Gigabit Squared, a startup that will focus on providing wireline-based fiber broadband connections to six communities located near research universities around the United States, has secured $200 million in funding.
However, it's not going it alone.
The Cleveland Heights, Ohio-based provider will work with Gig.U, a consortium of public and private universities set on driving economic development by building high speed fiber-based networks that will support education, health care and scientific research.
Although it has yet to name the six communities where it will launch the service, the company did say it negotiating an agreement with one university and will reveal the rest of its plans before the end of 2012.
Mark Ansboury, Gigabit Squared's president and co-founder, said that it believes it can fulfill a need for high speed wireline-based networks as traditional telcos like AT&T (NYSE: T) and Verizon (NYSE: VZ) have diverted their respective investments in their last mile networks towards wireless services.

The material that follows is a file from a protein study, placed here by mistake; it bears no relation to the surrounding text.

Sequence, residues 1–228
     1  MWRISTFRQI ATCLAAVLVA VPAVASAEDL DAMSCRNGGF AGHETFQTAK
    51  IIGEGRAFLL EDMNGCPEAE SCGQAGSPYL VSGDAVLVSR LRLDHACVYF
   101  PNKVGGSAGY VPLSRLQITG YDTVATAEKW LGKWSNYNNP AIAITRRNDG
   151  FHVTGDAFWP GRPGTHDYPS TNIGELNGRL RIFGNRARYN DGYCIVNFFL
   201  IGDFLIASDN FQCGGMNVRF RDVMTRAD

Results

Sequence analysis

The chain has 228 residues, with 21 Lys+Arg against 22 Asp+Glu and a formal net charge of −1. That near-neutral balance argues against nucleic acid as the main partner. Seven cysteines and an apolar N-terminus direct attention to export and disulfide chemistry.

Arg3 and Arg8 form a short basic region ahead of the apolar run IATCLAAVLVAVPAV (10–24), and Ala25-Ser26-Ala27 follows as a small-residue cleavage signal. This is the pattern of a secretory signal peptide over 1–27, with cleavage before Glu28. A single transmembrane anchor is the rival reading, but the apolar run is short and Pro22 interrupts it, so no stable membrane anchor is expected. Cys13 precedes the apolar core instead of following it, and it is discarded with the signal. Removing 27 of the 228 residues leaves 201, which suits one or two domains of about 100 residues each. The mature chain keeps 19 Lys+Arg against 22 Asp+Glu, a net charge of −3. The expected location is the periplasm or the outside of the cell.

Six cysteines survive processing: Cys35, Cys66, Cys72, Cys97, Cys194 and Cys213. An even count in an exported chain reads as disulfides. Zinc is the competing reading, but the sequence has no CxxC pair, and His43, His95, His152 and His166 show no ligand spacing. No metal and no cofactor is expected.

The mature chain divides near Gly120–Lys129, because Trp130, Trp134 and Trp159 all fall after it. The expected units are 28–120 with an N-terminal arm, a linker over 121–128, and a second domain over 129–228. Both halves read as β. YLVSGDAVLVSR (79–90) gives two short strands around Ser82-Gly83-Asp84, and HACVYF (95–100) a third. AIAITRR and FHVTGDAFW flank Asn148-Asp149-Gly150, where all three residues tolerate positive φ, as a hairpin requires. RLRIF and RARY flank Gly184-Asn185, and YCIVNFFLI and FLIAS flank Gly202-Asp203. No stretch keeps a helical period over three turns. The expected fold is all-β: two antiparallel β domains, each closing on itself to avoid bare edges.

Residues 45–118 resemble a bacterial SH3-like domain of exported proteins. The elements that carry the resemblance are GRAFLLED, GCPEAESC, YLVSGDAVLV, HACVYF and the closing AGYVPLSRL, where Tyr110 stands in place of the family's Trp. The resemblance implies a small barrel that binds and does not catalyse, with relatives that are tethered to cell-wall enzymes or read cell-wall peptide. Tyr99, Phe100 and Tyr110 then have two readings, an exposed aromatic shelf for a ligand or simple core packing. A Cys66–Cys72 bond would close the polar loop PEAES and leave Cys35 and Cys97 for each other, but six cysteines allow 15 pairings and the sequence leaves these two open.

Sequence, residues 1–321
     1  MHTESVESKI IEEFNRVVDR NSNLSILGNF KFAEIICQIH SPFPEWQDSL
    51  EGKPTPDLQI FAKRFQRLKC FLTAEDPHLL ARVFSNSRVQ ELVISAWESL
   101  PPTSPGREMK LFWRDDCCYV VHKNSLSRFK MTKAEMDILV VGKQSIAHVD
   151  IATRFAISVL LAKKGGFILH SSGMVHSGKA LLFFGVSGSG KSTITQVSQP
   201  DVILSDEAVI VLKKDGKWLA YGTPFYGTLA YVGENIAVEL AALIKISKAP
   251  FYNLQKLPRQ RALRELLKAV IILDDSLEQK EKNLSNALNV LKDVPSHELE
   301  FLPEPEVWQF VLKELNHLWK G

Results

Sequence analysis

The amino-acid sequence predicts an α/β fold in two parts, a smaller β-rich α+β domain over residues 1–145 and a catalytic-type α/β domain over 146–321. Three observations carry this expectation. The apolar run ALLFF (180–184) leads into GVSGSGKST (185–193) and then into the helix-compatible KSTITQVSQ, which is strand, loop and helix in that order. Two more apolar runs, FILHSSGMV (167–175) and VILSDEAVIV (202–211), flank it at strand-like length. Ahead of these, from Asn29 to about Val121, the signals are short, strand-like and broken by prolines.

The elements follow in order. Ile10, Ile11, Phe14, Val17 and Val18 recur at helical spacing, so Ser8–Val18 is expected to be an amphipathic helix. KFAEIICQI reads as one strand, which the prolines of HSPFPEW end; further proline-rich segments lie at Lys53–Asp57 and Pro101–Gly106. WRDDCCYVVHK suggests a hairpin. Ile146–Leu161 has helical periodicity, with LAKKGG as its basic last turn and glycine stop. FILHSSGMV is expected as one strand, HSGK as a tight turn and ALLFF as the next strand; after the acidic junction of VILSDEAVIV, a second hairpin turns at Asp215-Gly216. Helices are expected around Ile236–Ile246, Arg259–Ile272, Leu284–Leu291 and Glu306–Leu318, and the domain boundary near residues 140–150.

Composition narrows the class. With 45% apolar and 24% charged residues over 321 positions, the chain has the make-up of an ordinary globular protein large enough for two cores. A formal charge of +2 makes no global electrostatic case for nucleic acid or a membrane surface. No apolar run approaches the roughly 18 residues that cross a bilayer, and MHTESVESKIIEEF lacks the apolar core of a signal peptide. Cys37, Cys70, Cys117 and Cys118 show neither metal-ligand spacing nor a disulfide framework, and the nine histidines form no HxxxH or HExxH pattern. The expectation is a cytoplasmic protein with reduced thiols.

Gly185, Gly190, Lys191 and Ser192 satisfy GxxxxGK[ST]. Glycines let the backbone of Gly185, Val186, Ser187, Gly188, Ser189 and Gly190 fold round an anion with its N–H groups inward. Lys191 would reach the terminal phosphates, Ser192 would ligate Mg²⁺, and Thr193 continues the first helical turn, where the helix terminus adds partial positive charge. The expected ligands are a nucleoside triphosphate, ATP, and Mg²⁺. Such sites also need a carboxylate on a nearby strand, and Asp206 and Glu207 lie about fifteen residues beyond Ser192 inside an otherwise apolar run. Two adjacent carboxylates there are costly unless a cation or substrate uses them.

"The big carriers built their fiber-to-the-home systems, but we have really seen them pull back in recent years," he said.
While large service providers dial down their broadband network expansion efforts, a number of municipal and competitive providers in Louisiana, Tennessee and Northern California are taking matters into their own hands and deploying 1 Gbps-capable Fiber to the Premises (FTTP) networks of their own.
In Chattanooga, EPB Fiber, the municipal broadband arm of Chattanooga-based EPB Power, delivers a 1 Gbps Fiber to the Premises service. Interestingly, the service provider reported in February that it had 35,000 FTTP customers, 9,000 more than its initial goal of 26,000 customers by the third year in operation.
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